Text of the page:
It pains me to say this, but how tragically wrong they were. This effort to reboot a dying franchise fails on almost every level, from the recycled plot and cast of stock characters, to the forced humour that never so much as raises a giggle, despite the actors' attempts to convince you that they're all having a good time. From the get-go, Black hits us with gun-toting action and CGI blood-spraying, and does so at an alarming rate. One can only wonder if Black had hoped we would be too distracted by the carnage and endless exposition to realise how stupid the film actually is, but it's hard not to notice when the main character begins the film by mailing alien tech back to his family from Mexico under the government's nose. Former army sniper turned mercenary Quinn McKenna (Boyd Holdbrook) is busy on a retrieval mission when he witnesses an alien craft crash to Earth. His crew are wiped out, but Quinn manages to flee with an alien helmet which he sends to his estranged wife Emily (Yvonne Strahovski) and autistic son Rory (Jacob Tremblay). While Quinn is interrogated by the government, the Predator is taken to the lab for experimentation. Yes, you've already guessed what happens next.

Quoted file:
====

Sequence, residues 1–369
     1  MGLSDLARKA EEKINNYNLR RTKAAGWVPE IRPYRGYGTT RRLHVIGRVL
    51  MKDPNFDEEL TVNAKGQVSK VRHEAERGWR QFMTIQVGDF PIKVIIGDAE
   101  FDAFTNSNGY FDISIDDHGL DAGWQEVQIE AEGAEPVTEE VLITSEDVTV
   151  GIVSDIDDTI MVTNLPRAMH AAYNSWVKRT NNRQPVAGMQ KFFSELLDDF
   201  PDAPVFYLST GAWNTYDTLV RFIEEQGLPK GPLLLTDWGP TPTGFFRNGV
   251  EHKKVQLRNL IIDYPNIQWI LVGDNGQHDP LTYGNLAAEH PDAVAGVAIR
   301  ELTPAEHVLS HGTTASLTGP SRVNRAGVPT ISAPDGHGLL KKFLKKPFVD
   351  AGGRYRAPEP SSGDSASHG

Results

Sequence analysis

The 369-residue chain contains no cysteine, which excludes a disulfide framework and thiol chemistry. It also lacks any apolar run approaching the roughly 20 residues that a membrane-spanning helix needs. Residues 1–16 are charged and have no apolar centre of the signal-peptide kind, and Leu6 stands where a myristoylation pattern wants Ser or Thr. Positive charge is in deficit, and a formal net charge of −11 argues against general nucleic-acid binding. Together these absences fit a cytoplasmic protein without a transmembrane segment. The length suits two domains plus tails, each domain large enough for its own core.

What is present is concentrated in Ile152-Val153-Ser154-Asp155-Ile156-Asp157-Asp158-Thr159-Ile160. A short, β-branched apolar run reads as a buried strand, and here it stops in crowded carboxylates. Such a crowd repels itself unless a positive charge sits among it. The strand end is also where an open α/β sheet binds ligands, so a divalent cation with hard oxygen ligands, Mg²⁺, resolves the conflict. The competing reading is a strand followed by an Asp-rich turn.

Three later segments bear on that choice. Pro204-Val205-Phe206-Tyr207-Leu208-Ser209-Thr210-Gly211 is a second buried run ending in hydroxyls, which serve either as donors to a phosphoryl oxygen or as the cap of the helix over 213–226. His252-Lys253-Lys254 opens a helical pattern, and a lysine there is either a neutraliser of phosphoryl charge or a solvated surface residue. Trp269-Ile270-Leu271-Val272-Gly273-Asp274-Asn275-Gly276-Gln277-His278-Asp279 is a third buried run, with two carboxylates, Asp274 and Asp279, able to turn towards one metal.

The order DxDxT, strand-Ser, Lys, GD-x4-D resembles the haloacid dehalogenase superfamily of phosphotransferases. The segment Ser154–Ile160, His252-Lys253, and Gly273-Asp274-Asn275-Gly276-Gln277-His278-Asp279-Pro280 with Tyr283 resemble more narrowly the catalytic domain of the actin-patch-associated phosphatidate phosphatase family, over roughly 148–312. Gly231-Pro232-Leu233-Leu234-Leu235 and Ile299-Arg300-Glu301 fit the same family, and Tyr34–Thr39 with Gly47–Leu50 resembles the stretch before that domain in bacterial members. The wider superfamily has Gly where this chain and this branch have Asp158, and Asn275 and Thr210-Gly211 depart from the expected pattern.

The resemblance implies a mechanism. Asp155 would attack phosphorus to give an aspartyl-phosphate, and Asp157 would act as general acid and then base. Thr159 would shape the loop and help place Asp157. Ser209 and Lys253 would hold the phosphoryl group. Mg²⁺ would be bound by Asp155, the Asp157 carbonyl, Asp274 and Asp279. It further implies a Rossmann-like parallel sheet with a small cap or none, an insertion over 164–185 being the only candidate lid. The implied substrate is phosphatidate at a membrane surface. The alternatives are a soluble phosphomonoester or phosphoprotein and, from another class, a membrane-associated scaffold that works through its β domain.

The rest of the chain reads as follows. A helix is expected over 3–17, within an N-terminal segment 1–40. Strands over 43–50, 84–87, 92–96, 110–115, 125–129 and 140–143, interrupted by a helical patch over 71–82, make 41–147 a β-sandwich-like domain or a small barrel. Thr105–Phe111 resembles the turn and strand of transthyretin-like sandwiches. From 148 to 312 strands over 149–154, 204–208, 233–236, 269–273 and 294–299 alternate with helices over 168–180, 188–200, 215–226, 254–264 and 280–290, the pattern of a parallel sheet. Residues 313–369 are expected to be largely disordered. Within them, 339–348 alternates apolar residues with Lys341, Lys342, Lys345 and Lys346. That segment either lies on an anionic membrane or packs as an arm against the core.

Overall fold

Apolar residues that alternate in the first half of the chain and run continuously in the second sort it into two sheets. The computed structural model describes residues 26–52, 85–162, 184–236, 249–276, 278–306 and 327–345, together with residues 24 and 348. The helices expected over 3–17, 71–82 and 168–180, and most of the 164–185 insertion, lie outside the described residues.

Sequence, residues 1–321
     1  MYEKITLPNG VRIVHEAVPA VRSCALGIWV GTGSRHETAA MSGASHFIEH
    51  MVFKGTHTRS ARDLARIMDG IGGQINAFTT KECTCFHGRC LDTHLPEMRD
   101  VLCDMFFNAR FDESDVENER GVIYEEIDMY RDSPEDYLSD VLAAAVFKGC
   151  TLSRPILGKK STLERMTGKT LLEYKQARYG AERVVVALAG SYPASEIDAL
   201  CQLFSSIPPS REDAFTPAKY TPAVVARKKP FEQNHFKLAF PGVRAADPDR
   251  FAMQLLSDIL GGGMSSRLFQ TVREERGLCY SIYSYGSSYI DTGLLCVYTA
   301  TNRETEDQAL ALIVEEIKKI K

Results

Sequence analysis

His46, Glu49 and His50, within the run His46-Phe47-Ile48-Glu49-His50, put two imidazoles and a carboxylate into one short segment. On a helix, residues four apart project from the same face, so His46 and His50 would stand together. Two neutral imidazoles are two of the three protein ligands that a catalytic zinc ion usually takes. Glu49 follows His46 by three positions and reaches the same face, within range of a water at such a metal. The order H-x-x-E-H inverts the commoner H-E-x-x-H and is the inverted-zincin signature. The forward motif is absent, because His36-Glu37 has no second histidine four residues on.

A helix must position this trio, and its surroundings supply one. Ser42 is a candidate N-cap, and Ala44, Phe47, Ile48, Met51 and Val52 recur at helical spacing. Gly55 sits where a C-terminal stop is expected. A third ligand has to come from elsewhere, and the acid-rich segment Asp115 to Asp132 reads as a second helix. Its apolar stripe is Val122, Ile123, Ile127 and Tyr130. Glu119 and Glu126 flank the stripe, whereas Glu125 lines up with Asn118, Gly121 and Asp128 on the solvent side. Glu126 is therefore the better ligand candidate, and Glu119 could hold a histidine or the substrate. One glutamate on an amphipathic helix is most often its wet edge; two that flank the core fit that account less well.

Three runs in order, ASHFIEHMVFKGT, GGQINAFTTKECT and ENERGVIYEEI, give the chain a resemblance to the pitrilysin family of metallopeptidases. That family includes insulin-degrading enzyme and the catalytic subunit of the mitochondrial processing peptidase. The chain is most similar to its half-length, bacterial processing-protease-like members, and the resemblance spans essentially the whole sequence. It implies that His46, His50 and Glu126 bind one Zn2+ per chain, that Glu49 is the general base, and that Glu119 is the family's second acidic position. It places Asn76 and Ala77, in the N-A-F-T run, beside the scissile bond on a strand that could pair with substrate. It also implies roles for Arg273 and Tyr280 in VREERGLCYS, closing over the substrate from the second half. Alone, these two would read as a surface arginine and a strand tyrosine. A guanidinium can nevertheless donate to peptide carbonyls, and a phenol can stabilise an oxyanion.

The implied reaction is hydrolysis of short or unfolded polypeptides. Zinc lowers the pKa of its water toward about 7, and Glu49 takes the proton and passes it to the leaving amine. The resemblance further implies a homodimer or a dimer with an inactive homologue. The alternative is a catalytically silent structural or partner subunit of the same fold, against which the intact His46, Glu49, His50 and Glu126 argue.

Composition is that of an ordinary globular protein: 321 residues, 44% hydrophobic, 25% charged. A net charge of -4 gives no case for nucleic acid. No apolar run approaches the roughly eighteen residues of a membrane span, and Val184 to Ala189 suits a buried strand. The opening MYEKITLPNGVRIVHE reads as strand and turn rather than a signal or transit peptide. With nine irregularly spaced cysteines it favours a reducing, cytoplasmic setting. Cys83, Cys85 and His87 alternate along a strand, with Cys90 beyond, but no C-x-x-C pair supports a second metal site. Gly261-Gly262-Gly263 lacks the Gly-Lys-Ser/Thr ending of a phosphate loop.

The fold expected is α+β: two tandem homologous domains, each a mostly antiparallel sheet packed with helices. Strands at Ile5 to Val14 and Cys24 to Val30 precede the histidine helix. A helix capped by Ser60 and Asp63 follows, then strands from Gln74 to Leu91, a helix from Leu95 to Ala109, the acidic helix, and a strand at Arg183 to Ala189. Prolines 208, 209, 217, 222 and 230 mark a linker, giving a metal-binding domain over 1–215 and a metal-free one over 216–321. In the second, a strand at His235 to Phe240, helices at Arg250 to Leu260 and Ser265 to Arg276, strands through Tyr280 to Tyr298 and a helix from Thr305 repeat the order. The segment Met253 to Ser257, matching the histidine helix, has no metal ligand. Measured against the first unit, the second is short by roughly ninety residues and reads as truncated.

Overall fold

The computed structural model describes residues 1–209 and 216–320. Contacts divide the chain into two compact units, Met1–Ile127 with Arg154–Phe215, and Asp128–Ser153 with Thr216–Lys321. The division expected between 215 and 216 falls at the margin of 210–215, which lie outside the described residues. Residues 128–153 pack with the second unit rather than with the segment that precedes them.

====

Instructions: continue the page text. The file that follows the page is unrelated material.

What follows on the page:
As the Predator wreaks havoc and more arrive for the fight, Quinn is thrown in with a bunch of military prisoners, who all are crazy in their own way. They consist of Trevante Rhodes, Augusto Aguilera, Thomas Jane, Keegan-Michael Key and Alfie Allen, and provide most of the film's 'humour'. They are supposed to be lovable but really aren't, but Quinn evidently trusts them enough to leave them alone with an unconscious Olivia Munn. Had they been given a personality, or some actual funny lines of dialogue, the gang may have helped cover up many of The Predator's flaws, but the film has the same uncomfortably conflicted feel of Black's Iron Man 3, which struggled to juggle the director's independent sensibilities with the restrictions of a franchise. It's flashy, colourful and rarely pauses for breath, but doesn't have a style of its own. People are thrown into huge objects to get up like nothing has happened, there's military tough-guy speak, and somebody at one point even yells "get to the chopper!". It's a bunch of thrown-together Easter eggs and action beats you've seen a million times before. I doubt this is the last we've seen of the extraterrestrial trophy-hunter, but it's certainly time to lay him down to rest for a while.